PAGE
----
Mental accounting is the tendency to allocate money in different containers based on different criteria or perceived use. For instance, people would set up money jars or different savings accounts for vacation, weekly spending budget, house or car deposit and they treat each of those allocated money differently.

When it comes to investments, some investors apply mental accounting by owning multiple portfolios with different levels of risk.

Anchoring
Anchoring is the tendency for people to base their financial decisions to certain references regardless of the facts. For instance, a person may think that an investment fund with truly capable managers charges three to four per cent a year in fees based on their rich friend’s multi-million dollar portfolio.

In this sense, the person may opt for investing with the same fund manager or basing other fund managers’ capabilities on how much they charge in fees, even if the reason for a large gain in their friend’s portfolio is a bull market and a large principal investment.

Gambler’s fallacy
A classic example of gambler’s fallacy is when a person hangs on to a game despite successive losses, sure that the next one will be a big win.

When it comes to investing, this may come in the form fear of opportunity loss because an investor may wish to hold on to a losing investment in the hope of future recovery. The opposite also holds true because some investors may consider selling their investment if it already increased in value several times consecutively, sure that it can only go downhill from there.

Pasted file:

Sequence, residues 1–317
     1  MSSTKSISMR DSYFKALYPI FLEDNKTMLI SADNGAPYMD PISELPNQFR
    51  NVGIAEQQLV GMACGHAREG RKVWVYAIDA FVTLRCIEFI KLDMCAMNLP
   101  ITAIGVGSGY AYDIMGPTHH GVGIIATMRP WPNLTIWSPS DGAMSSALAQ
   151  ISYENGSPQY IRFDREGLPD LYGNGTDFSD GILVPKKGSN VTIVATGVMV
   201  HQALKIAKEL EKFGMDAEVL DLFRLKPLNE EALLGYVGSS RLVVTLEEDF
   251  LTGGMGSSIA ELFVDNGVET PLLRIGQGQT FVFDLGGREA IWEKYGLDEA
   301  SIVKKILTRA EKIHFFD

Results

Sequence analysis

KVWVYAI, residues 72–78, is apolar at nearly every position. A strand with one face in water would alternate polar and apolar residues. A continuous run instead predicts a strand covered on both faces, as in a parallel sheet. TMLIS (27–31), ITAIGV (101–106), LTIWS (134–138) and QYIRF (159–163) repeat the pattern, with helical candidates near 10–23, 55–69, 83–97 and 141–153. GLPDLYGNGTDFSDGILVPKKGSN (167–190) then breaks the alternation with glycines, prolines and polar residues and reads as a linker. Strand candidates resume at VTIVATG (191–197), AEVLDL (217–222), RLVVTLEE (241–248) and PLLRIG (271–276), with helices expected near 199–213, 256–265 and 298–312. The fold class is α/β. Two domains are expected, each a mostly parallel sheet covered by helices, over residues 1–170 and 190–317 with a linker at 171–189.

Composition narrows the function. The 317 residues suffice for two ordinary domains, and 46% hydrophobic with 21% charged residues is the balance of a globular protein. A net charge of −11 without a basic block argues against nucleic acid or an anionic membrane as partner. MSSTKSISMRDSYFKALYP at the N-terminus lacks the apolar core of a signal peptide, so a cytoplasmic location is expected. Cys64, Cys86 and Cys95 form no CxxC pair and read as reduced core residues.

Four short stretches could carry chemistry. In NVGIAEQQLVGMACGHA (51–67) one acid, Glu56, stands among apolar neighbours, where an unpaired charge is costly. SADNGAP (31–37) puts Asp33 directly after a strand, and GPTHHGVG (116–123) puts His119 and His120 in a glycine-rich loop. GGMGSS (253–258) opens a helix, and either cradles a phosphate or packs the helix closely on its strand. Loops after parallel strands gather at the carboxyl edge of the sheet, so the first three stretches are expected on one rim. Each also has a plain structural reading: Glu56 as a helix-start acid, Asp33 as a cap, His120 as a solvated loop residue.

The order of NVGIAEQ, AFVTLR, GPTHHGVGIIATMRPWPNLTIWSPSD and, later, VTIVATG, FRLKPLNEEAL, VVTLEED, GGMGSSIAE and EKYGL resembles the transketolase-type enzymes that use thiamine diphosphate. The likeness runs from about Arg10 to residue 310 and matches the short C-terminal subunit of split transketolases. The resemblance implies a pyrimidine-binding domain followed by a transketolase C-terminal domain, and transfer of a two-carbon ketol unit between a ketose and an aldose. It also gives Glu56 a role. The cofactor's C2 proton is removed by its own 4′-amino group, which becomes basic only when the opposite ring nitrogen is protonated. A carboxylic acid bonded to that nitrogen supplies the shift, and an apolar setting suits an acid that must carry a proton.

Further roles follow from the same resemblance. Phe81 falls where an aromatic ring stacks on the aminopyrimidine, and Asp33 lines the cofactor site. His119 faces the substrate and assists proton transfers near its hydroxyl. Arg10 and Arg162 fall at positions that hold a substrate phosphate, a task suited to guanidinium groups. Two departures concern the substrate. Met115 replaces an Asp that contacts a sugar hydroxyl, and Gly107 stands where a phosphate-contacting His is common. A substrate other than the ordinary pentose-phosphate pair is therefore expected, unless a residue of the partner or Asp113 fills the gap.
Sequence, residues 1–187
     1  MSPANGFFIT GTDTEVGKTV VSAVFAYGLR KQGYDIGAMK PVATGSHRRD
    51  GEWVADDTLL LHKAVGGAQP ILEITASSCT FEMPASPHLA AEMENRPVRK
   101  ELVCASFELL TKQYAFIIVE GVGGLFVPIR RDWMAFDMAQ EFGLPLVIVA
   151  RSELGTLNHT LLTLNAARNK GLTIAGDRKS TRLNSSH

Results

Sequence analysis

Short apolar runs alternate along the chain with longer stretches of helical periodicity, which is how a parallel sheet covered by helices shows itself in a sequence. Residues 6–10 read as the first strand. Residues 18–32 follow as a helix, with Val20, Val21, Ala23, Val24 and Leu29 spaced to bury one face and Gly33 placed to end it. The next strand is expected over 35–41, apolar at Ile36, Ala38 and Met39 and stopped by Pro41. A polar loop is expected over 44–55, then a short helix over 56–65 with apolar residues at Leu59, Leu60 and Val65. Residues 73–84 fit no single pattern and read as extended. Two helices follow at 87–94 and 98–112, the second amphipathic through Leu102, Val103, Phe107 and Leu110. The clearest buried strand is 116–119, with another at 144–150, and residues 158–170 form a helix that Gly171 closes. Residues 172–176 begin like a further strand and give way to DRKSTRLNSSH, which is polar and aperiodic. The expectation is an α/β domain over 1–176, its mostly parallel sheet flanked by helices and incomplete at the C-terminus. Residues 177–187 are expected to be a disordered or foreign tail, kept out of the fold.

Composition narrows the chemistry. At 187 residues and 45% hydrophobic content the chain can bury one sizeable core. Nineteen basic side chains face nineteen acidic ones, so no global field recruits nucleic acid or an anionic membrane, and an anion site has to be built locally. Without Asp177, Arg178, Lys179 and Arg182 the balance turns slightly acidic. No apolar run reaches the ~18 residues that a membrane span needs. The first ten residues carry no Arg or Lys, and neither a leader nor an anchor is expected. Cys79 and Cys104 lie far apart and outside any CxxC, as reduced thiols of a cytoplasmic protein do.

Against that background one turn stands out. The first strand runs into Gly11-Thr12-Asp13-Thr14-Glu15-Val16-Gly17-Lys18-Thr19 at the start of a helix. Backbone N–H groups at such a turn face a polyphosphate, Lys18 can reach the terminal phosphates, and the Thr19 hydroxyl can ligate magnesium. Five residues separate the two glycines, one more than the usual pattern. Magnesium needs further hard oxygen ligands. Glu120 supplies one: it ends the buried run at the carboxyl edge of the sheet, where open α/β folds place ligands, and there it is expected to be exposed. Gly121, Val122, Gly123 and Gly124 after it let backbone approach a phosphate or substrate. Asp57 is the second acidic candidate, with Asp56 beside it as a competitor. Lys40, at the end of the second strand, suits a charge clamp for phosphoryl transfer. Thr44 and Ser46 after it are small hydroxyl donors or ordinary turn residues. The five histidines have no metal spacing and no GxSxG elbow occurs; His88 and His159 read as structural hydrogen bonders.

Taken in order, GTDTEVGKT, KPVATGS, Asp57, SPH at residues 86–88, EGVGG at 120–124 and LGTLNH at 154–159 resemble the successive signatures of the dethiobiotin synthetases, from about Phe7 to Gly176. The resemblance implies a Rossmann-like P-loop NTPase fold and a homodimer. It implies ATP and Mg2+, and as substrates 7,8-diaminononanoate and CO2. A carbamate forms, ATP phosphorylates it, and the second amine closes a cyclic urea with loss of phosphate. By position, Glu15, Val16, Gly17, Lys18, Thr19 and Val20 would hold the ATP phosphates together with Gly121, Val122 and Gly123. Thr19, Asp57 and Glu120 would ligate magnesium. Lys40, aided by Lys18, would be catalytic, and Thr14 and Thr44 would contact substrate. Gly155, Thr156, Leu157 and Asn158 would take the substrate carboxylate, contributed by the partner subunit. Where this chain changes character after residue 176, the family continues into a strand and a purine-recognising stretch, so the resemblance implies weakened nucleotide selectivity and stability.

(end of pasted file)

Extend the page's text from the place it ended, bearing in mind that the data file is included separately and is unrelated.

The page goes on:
Prospect theory or loss aversion
This theory holds that, when faced with two choices that yield the same result, humans have the tendency to choose whichever option seems to avoid loss.

Consider the following scenario and decide which one is better:

  1. A friend who owes you $100 suddenly visits to pay their debt; or,
  2. A person accidentally flushes $100 down the toilet but they win the $200 minor prize in a contest the same day.

Those who selected choice A as the better scenario exhibits this loss aversion.

The theory suggests that, when faced with a financial decision, people tend to consider the weight of potential losses over gains and select whichever is perceived to minimise loss even if gains are smaller. Experts suggest that investors have the tendency to feel the sting of loss longer than the joy of gains.

How big is the discipline?

Behavioural finance is a relatively new field of study that started roughly in the late 1970s or early 80s, which means that the discipline is still growing. However, there are already two Nobel Prize winners in the discipline.

Cognitive psychologist Daniel Kahneman, who is considered as co-founding father of behavioural finance, received the Nobel Memorial Prize in Economic Sciences in 2002.

Richard Thaler also received the Nobel Memorial Prize in Economic Sciences in 2017 for contributions to the field. Read more about Richard Thaler and his work in “How your mind hurts your saving habits: Nobel winner”.

This information has been sourced from Nest Egg.